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Supes Corner: Schools must build background knowledge
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In my "Letter from the Superintendent" (CN, Aug. 15, 2010), I suggested that when all is said and done, instruction itself has the largest influence on achievement. Unfortunately, despite our best efforts, instruction is not always as effective as it could be, but could improve swiftly and significantly through ordinary and accessible means.

As professional educators know, and moms and dads too, classroom learning is also a function of what the student is interested in, how the student prefers to learn, and the "background knowledge" he or she possesses for any given topic.

Ah, background knowledge! What is it? According to researcher Robert Marzano, it is "what a person already knows about the content." Duh! How important is this in school? It is one of the strongest indicators of how well students will learn new information relative to a topic.

But, what if Newton’s economically disadvantaged students (approx. 12,000) — as defined by free and reduced lunch statistics — lack background knowledge as with so many disadvantaged students nationally? Then what?

Well, we can rely on the family. Or can we? In so many homes of the economically disadvantaged, there is but one parent, often working more than one job, if they are employed at all. Is it any wonder that the children of such homes come to kindergarten knowing not even half the words that their middle class peers enjoy?

One way to build background knowledge is through what Marzano calls "direct approaches."

Direct approaches increase the variety and depth of out-of-class experiences, such as field trips to museums, art galleries, the Georgia Aquarium, or the Bodies exhibit in Atlanta. Such experiences are powerful when the teacher "prepares" the students for what they should look and listen for.

Another type of direct approach helps students establish a mentoring relationship with members of the community. The Newton Mentoring Program provides a structured weekly format for students to connect with a caring adult. I would encourage community members to visit or give Director Margaret Washington a call at (678) 381-7948. Mentors are screened prior to entering our schools and are exposed to workshops devoted to such topics as youth development, goal-setting, conflict resolution, cultural activities and learning about jobs and career choices.

Marzano says: "The most direct ways for schools to enhance students’ academic background knowledge are to directly provide academically-oriented experiences as a regular part of school offerings and to forge mentoring relationships between students and caring adults under the assumption that such relationships will provide more academically oriented experiences."

However, he also notes that in light of the monetary constraints schools have, it may prove more practical to focus on "indirect approaches" to building background knowledge. Indirect approaches can be fostered within the regular school day. They cost less money than direct approaches and can be readily available if implemented by school professionals.

Here’s what Marzano recommends in his book, Building Background Knowledge for Academic Achievement (ASCD, 2004):

• Implement a program of Direct Vocabulary Instruction (DVI) that focuses on the terms and phrases that students will encounter in their academic subjects (and on such tests as Georgia’s CRCTs and GHSGTs).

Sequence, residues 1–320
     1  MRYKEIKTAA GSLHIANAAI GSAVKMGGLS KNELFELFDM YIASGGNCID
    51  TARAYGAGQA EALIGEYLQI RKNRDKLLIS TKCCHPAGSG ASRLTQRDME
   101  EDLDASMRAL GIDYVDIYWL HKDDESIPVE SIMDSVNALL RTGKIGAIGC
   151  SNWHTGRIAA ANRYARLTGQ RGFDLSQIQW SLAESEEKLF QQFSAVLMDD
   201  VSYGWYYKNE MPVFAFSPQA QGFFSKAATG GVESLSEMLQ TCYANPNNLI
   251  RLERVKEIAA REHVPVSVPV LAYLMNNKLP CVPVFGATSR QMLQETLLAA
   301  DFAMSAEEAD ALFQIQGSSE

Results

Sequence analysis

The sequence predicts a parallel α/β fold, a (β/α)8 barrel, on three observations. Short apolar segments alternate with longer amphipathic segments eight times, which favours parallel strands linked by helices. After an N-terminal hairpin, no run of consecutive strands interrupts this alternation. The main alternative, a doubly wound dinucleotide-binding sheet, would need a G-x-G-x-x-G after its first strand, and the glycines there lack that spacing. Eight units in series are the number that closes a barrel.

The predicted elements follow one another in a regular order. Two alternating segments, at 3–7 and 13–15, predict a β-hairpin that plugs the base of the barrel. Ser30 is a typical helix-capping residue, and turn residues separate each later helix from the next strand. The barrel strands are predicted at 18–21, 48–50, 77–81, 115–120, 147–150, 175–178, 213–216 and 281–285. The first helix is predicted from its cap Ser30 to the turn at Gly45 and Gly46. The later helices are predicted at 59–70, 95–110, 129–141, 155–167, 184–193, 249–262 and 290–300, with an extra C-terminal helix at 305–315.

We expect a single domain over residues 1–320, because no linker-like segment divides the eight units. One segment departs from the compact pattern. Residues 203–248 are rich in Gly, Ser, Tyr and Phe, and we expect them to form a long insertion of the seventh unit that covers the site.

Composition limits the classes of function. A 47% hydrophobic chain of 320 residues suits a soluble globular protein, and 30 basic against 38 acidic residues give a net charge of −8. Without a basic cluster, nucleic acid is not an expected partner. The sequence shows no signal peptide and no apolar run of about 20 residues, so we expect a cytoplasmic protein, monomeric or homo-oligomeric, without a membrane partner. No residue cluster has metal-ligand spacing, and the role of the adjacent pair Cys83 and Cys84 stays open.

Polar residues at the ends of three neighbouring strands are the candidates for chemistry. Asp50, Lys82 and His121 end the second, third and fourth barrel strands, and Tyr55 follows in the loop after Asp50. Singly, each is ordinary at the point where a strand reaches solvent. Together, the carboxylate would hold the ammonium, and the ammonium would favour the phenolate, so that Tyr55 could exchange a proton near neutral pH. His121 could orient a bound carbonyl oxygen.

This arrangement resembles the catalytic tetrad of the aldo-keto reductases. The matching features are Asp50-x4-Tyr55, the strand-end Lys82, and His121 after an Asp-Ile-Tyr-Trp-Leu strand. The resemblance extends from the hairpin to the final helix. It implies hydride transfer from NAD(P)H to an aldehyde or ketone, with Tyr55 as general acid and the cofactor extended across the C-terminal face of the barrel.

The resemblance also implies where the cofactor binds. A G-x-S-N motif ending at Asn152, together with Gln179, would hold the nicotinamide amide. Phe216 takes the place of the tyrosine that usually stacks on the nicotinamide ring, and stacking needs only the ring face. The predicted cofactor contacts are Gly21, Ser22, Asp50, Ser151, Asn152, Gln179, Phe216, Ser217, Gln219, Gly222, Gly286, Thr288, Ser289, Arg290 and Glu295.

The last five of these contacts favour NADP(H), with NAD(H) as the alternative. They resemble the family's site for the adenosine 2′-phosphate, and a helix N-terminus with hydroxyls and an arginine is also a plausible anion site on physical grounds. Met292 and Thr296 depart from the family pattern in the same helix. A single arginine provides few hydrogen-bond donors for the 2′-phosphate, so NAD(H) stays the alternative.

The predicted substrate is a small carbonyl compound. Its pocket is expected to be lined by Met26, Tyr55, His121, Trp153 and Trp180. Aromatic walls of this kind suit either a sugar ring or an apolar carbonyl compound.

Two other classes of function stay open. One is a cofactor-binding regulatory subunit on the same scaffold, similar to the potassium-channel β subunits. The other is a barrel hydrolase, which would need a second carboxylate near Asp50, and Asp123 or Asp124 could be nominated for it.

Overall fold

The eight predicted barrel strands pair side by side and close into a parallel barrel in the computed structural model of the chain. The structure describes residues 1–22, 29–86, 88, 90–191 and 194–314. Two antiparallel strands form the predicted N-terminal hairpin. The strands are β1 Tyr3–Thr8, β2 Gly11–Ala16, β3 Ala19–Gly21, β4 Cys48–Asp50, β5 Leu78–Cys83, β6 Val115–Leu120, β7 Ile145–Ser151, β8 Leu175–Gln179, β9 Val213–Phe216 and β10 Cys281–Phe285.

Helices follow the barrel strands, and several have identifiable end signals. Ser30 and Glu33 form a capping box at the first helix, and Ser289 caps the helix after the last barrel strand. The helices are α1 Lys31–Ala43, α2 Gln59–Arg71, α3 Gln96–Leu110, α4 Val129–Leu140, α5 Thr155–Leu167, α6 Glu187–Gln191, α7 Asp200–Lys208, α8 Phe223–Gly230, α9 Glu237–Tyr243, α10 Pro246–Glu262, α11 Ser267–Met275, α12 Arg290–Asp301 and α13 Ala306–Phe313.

• Implement elementary, middle, and high school Sustained Silent Reading (SSR) that focuses on nonfiction and fiction materials in a variety of forms inclusive of the internet. (kids love and learn from technology!)

As for Direct Vocabulary Instruction, I would dare say that nearly every lesson should begin with related words in mind for students to master. Failing that, too many students are lost from the beginning! Besides, vocabulary development is not only important for students who lack background knowledge for academic learning, it is also equally critical for the student scholar who desires enrollment in the nation’s very best universities. So, whether preparing for the ACT, SAT, or AP exams or Georgia’s CRCTs or GHSGTs, vocabulary development is indispensible to student achievement.

For the disadvantaged, we feed the "achievement gap" when we presume they know what "perpendicular lines" are in geometry. We must use words that shape that meaning; provide opportunities to see graphic representations; give descriptions, not just definitions; teach and use word parts; use varied instructional techniques; and make sure students talk to others about the words they are learning.

As for Sustained Silent Reading, it isn’t a free-for-all. Instead, it calls on students to make choices, according to their own interests, that will have them reading, writing, drawing, reflecting, and discussing what they’ve learned with other students. In this twice-a-week or more 20-to-30-minute session, students read books of appropriate difficulty, write about their thoughts and participate in structured dialogue with classmates. Academic background is gained from a systematic and deliberate "seminar of ideas" on many topics.

Students who participate in SSR for more than a year, Marzano says, score in the 81st percentile in vocabulary achievement, compared to the 50th percentile for students who don’t take part.

How important is it for schools to build students’ background knowledge? It is a must!

Just ask the kindergartner who struggles to know colors, shapes and numbers, or the doctoral student who sits for all-day comprehensive exams!

Dr. Gary Mathews is the Superintendent of the Newton County School System. He can be e-mailed at